My grandparents have a beach house in Island County and every 4th of July there is a big parade and community get together. One of the events is the “Penny Hunt”. The adults scatter a bunch of coins (of varying denominations) in the sand for the kids to search for. As kids, my brother and I got fed up with blindly digging in the sand so we convinced our dad to get us a cheap metal detector. I remember pulling in $40 the first summer we put it to use. Not bad for a couple of kids.
A client recently challenged me with the question, “How could I show a bar chart in Tableau that shows values for the top 10 displayed as 10 individual bars but group all the rest of the values into a single bar called “other”…
Let me be completely honest with you. I am writing this post in the aftermath of the 2019 Rose Bowl where the University of Washington lost to Ohio State so my views and opinions are most certainly biased. It’s not a surprise to me that the Huskies lost. I think Ohio State was the better team. Rather, it was a decision in the 4th quarter by the Huskies that surprised me…
If you need to pivot data from a SQL table for use in Tableau, Tableau Desktop’s default pivot feature can’t help you.
You might never have heard of a self join but you might need one. Occasionally, tables in a database are structured so that it makes sense to join a copy of a table to itself…
Sometimes you need to use data in Tableau that isn’t in a clean, denormalized format. It might have been exported from an application or prepared by a coworker in a way that Tableau doesn’t like.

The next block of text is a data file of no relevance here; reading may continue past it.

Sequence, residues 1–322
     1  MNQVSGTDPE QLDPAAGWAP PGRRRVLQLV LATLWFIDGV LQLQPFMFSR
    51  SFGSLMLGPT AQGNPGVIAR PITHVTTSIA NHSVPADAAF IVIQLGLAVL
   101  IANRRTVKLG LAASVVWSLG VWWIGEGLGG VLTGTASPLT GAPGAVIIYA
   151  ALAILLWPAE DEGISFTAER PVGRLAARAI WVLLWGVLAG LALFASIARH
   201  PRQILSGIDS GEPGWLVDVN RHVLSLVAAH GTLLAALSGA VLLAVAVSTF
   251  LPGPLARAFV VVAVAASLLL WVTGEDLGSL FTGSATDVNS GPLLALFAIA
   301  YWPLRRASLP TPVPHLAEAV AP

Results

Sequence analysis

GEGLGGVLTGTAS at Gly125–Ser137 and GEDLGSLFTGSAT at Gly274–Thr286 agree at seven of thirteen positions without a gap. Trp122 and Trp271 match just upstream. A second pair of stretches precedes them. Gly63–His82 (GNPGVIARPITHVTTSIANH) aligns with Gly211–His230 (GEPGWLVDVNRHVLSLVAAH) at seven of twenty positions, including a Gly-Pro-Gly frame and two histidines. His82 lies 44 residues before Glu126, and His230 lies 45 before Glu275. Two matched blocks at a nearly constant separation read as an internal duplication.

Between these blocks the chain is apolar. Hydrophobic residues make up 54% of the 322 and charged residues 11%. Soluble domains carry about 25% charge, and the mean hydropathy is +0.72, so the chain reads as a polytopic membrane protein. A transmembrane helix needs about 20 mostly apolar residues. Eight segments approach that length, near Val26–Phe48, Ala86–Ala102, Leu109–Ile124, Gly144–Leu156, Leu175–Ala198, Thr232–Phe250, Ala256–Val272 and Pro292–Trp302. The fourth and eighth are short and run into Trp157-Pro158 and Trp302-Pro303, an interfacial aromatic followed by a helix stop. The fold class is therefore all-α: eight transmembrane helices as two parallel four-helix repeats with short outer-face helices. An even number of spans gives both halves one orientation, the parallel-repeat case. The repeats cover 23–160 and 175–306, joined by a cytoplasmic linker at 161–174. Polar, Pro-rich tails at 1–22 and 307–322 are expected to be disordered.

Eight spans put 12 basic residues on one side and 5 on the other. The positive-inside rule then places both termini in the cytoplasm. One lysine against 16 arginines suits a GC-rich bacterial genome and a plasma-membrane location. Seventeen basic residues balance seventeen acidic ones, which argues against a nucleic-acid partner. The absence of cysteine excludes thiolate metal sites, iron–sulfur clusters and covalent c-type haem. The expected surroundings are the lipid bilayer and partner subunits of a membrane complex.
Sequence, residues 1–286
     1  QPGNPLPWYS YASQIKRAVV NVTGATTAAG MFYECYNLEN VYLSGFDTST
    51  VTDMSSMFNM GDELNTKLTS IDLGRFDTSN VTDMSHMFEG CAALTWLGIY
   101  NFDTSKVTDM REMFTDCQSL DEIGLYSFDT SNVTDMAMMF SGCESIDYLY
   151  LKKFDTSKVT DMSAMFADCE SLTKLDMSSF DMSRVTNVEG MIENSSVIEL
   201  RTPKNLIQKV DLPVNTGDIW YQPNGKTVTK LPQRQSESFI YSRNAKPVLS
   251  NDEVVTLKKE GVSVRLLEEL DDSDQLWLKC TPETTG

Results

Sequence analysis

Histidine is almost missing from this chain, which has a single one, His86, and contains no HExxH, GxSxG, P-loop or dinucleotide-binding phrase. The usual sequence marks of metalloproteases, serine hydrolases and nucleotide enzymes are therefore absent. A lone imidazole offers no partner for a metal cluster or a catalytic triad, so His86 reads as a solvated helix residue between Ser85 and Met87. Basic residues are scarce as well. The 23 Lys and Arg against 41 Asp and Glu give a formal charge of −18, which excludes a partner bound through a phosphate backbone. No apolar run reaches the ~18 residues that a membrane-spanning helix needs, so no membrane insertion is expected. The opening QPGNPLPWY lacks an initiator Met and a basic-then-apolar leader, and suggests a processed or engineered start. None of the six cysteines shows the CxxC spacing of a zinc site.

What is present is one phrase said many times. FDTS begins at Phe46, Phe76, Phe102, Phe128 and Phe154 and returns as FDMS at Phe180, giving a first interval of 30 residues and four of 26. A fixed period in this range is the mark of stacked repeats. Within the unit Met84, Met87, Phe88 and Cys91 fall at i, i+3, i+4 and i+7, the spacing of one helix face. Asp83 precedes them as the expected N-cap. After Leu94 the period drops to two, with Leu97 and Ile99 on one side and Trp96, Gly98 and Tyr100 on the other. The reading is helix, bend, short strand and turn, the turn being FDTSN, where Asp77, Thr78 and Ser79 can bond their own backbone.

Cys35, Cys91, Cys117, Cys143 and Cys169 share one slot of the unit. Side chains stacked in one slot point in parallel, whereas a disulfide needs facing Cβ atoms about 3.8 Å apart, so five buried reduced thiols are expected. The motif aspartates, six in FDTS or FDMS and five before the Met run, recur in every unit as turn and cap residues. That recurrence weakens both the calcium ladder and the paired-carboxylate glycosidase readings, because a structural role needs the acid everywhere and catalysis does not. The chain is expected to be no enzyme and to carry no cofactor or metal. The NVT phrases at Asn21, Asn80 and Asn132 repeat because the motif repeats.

Totals in Tableau are notoriously rigid. You can’t add two totals lines; one for summarized values and one for averaged values, in the same worksheet. You can have one, the other, or allow Tableau to use a field’s default aggregation for totals.
Imagine you are working on a project where you want to allow users to only see data that’s applicable to them. A simple example of this is a restaurant chain. You might create a sales report where you want a General Manager to only see the data for their store but not others.
If you use a parameter to swap between two worksheets in a Tableau dashboard, you lose the ability to use the worksheets’ default color legends effectively. Check out this video to learn a trick you can use to create a dynamic color legend which always shows an accurate data range despite which worksheet is showing.
I frequently hear the question, “Can Tableau show my missing data?”. Generally when I get this question, people want to either see a 0 or a blank where there should be missing data.